qualifies as a predicate offense if the least culpable act
under the relevant statute “matches or is narrower than
the [g]uidelines' definition for [a] ‘crime of
violence.'” See United States v. Salmons,
873 F.3d 446, 448 (4th Cir. 2017) (internal citations
omitted). This Court has cautioned against analysis that
“strains common sense.” See United States v.
Moreno-Aguilar, 198 F.Supp.3d 548, 554 (D. Md. 2016)
(finding murder to be a crime of violence); see also
Gonzales v. Duenas-Alvarez, 549 U.S. 183, 193 (2007)
(“[T]o find that a state statute creates a crime
outside the generic definition of a listed crime in a federal
statute requires more than the application of legal
imagination to a state statute's language.”).
Relying on inapposite case law regarding the ACCA and robbery
statutes from North Carolina, Virginia, Texas, and Iowa,
Ennis argues that his convictions lack the necessary force
required to be predicate offenses under §
4B1.2(a)(1)'s force clause. However, these arguments miss the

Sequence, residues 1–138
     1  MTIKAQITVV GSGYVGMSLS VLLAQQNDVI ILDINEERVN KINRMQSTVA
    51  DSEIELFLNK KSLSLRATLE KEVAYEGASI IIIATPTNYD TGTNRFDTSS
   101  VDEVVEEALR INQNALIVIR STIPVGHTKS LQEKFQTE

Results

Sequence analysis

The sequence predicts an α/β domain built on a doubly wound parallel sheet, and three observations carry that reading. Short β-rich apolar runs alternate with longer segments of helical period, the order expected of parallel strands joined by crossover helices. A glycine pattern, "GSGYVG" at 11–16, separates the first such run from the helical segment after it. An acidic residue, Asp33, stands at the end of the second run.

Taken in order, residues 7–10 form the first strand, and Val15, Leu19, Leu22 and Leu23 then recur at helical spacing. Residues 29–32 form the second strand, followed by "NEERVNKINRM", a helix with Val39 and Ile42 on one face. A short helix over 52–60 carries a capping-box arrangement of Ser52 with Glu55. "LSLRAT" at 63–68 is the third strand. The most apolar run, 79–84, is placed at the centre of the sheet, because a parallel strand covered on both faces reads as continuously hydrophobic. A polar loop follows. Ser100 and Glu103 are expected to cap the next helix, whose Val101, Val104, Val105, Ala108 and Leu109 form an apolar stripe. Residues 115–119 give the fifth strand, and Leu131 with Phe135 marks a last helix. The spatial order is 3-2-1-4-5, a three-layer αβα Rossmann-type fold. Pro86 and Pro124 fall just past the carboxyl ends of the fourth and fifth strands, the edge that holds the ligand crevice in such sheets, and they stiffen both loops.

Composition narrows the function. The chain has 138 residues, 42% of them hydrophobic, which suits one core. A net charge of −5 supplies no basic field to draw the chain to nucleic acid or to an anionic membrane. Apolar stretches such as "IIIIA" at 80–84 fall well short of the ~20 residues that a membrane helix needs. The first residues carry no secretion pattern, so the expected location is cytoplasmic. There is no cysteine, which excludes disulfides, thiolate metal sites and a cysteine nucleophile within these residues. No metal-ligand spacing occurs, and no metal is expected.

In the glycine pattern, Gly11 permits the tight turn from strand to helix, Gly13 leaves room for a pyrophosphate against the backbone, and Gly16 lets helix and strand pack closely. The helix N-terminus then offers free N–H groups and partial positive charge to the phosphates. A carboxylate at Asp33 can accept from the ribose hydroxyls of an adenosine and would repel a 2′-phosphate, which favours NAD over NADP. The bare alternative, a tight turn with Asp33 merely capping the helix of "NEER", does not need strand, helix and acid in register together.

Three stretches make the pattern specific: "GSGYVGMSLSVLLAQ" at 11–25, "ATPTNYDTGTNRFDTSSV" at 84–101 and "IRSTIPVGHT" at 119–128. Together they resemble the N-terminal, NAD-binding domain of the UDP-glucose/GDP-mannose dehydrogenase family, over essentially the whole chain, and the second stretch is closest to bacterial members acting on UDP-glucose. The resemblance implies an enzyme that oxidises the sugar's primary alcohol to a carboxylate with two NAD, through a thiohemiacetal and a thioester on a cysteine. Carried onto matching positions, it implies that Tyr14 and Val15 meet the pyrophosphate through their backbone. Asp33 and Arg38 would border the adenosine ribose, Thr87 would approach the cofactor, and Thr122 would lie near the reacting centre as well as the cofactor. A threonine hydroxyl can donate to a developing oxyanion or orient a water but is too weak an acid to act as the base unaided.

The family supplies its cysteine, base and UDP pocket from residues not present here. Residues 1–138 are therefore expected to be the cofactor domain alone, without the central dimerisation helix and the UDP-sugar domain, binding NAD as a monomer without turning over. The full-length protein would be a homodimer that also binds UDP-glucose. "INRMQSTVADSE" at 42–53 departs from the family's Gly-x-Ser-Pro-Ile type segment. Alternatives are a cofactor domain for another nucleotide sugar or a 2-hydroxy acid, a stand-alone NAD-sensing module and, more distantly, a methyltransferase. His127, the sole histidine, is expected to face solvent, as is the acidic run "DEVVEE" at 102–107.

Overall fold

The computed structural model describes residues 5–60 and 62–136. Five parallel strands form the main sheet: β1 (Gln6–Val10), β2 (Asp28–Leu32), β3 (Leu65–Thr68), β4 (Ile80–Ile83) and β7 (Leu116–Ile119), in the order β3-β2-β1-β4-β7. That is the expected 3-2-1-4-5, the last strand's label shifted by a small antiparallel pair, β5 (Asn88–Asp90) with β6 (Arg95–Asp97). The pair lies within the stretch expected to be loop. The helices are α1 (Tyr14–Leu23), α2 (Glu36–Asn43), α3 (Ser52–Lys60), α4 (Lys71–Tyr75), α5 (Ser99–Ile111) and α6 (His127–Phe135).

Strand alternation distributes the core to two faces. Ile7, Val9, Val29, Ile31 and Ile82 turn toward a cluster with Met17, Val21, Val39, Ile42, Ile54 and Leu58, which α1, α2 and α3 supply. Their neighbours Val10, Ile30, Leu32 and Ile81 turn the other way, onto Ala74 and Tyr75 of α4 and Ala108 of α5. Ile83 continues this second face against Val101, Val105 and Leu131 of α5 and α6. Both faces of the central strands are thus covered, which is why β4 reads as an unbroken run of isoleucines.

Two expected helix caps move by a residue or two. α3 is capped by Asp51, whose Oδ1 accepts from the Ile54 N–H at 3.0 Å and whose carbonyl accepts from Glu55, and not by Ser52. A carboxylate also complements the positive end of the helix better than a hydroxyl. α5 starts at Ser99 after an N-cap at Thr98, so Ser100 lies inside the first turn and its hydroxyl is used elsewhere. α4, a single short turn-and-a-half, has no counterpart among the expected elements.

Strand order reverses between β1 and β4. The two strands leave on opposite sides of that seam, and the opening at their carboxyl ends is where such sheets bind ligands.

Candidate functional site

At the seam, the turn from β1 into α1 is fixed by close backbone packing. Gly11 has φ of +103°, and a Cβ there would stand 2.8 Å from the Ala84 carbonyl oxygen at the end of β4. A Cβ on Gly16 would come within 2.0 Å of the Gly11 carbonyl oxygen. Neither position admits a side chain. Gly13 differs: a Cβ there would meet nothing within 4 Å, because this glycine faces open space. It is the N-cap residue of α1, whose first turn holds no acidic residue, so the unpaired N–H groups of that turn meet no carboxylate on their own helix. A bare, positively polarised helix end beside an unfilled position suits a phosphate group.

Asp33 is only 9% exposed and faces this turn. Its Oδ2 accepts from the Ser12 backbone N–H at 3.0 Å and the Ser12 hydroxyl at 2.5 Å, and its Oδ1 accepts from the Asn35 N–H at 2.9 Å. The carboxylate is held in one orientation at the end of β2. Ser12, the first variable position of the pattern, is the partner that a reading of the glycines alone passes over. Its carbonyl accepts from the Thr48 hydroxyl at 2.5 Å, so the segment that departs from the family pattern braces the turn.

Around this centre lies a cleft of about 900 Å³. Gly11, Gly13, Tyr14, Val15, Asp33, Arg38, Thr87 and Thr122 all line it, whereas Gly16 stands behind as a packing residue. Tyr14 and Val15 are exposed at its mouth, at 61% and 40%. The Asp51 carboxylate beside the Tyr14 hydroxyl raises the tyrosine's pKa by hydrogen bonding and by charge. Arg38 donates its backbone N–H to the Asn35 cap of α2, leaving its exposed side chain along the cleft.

Maryland robbery conviction is a crime of violence under the
force clause. Robbery in Maryland retains its common law
definition as “the felonious taking and carrying away
of the personal property of another, from his person or in
his presence, by violence, or by putting him in fear . . .
.” Coles v. State, 821 A.2d 389, 394 (Md.
2003) (quoting Darby v. State, 239 A.2d 584, 588
(Md. Ct. Spec. App. 1968)). Maryland has historically
included the presence of force or threat of force within the
analysis of robbery.See id. at 385. Indeed, the
editorial notes to the U.S.S.G. explicitly list robbery as a
crime of violence. See U.S. Sentencing Guidelines
Manual § 4B1.2, cmt. n.1; United States v.
Mobley, 687 F.3d 625, 629 (4th Cir. 2012); see also
Riley, 856 F.3d at 329. Additionally, the Fourth Circuit
determined that Maryland robbery's common law definition
is a crime of violence under the force clause because
“[it] requires a finding of the use of force (a taking
‘by the use of violence') or threatened use ...